This wonderful tool is designed to help organize projects that involve more than just one person. It exists on a web page that looks deceptively simple, but has tons of power for organizing and coordinating every task that needs to be done. Like most web-based tools, your free account is the starting point, but with Trello, the free level gives plenty of power for just about anything you can imagine! I won’t describe in detail how it works – I include a short video that gives an overview below. My focus here is to describe how and why I use it, despite the fact that there is a bit of overlap with the other organizing tools I use.
There are two features that make Trello close to indispensible for me – the ability to lay everything out in a “dining room table” style so that I can see a visual overview of all the pieces, and the ability to share this “picture” of the project with others who are working on the same project. You organize the project on a “Board” and on each Board you develop lists in any way that best works for your project. For example, you might have a list for new ideas, tasks that are in progress, tasks coming up next, and tasks you have completed. Every list has a card for each task, and when you click on the card, you see details that re on the “back” of the card Everyone on the team working on the project can add cards, comment on cards, attach files to cards, even start a new list. On my teams we set due dates and reminders for specific tasks, so that everyone on the team can keep track of who is doing what.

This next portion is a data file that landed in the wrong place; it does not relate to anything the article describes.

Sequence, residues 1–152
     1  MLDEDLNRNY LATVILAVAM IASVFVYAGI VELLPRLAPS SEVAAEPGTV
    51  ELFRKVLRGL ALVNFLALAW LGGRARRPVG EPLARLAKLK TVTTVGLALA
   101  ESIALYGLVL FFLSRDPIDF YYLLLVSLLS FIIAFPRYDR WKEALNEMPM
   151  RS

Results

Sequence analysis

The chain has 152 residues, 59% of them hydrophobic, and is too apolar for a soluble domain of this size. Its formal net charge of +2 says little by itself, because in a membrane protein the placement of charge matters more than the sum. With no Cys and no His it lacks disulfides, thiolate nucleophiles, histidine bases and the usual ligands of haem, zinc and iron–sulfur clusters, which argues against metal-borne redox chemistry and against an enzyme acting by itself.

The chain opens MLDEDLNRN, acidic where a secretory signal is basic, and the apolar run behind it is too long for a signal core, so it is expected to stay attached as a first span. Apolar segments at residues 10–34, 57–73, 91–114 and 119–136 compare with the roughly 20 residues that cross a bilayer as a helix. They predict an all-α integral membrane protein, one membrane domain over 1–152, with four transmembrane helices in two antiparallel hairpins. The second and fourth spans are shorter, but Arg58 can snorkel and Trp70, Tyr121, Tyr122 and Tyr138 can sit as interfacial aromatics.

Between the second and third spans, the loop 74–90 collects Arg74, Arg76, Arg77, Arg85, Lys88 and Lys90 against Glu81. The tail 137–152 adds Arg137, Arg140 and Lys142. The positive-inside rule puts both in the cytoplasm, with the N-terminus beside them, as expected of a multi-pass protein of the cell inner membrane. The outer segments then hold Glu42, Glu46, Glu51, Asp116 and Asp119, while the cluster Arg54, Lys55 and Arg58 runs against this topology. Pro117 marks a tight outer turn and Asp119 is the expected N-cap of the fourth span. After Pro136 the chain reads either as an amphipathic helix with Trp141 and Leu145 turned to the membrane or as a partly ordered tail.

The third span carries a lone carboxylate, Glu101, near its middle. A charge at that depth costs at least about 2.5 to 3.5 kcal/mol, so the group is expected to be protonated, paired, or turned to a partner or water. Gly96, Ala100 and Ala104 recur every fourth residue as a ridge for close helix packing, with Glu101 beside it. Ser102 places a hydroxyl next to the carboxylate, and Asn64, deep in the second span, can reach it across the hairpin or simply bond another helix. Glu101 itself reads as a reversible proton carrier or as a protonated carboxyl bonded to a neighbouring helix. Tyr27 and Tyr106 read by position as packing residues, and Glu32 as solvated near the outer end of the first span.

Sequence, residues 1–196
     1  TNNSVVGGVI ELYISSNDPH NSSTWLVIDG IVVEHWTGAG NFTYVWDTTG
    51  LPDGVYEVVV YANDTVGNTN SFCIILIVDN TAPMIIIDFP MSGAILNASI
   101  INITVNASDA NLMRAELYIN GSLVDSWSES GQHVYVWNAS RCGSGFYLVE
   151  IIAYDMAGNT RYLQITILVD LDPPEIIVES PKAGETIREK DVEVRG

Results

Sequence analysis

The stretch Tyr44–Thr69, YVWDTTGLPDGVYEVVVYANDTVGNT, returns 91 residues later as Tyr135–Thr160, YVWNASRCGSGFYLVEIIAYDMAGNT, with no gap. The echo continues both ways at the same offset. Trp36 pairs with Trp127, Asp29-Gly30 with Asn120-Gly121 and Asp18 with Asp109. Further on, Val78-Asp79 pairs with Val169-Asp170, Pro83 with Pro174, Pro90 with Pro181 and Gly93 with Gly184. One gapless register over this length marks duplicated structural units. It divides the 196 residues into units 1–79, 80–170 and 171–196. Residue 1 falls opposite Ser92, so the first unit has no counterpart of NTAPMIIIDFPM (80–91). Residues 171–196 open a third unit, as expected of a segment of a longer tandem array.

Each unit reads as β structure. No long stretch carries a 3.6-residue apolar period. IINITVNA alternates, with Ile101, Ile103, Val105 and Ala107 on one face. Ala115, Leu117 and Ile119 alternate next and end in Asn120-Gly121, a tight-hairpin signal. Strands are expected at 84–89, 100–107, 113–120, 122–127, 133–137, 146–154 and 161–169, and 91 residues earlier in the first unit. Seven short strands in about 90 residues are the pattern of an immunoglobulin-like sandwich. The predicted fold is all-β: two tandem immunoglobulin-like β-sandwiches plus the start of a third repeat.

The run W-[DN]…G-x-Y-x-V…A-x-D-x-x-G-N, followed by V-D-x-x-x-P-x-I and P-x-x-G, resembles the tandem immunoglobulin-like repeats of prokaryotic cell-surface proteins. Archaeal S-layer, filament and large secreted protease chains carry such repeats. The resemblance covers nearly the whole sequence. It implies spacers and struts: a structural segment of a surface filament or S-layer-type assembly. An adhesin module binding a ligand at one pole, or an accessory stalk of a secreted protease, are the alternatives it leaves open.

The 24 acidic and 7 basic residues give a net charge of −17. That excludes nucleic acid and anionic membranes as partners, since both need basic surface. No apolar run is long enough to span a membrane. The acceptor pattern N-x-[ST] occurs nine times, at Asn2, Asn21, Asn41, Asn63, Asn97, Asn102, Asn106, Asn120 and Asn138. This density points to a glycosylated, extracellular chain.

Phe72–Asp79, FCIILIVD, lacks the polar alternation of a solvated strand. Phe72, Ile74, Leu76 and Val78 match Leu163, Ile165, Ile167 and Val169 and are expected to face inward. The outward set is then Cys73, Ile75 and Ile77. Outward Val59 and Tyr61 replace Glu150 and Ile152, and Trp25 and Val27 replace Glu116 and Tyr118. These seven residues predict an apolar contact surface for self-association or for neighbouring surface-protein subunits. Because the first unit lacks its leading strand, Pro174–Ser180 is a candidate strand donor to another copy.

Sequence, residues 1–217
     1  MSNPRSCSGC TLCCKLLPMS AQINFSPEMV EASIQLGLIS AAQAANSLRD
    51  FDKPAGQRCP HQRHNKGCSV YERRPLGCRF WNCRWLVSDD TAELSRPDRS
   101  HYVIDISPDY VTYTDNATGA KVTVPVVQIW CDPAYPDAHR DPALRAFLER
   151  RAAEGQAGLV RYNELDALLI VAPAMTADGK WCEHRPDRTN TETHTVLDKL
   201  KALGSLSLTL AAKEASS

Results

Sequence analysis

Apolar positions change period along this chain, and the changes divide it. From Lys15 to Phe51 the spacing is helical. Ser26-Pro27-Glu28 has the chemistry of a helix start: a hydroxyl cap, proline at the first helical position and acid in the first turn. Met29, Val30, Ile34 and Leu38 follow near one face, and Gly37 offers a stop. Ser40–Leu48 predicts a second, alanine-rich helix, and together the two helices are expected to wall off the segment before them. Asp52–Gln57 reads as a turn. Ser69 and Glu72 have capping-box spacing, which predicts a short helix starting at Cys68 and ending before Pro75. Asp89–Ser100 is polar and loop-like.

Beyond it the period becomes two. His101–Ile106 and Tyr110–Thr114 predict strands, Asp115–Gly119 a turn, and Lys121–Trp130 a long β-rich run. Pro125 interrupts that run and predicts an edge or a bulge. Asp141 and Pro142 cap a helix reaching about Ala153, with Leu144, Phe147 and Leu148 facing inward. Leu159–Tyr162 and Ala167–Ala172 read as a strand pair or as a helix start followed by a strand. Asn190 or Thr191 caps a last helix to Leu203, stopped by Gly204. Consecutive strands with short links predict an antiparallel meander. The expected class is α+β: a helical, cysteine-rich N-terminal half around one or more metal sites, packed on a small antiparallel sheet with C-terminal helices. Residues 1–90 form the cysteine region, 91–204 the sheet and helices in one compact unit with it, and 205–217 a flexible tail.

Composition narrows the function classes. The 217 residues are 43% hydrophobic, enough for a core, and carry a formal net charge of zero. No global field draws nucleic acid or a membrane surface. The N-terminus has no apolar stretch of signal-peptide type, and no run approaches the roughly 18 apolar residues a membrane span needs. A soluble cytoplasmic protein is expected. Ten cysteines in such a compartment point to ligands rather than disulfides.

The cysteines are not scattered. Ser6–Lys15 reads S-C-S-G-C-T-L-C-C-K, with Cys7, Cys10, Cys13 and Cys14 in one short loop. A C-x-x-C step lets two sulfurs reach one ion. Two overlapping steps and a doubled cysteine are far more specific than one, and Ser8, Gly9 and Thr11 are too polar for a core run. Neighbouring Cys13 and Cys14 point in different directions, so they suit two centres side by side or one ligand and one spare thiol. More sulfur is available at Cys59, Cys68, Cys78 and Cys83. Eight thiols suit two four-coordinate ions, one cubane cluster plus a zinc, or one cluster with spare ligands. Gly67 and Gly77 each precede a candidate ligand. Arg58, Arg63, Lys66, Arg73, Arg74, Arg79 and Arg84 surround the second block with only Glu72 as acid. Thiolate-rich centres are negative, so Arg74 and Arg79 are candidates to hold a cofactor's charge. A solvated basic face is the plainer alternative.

The “dining room table” perspective is particularly important for my journal. Even though for the ANS board I am the main person who uses it, other people who are involved with the journal have access to the board so that someone besides just me can see instantly a “picture” of what is happening and how it is all laid out. I have a list to keep general information and resources, and a list for each issue – current and coming up in the future. The issue lists have cards for each tasks that is required to bring the issue from conception to completion, along with the due dates for each task. I do use my to-do list in tandem with the Trello lists, which may seem a bit of unneccessary duplication, but each perspective of the tasks required for managing and editing the journal serve a unique purpose, and with Trello other people have a “window” into the journal processes – a very important feature in case there were to be a time when (goddess forbid) I am incapacitated.
So if you want to learn more, here is a webpage the Trello folks provide as introduction. And a brief YouTube video. There are many YouTube “Trello” videos, each with a somewhat different “take” on ways you can use this powerful tool!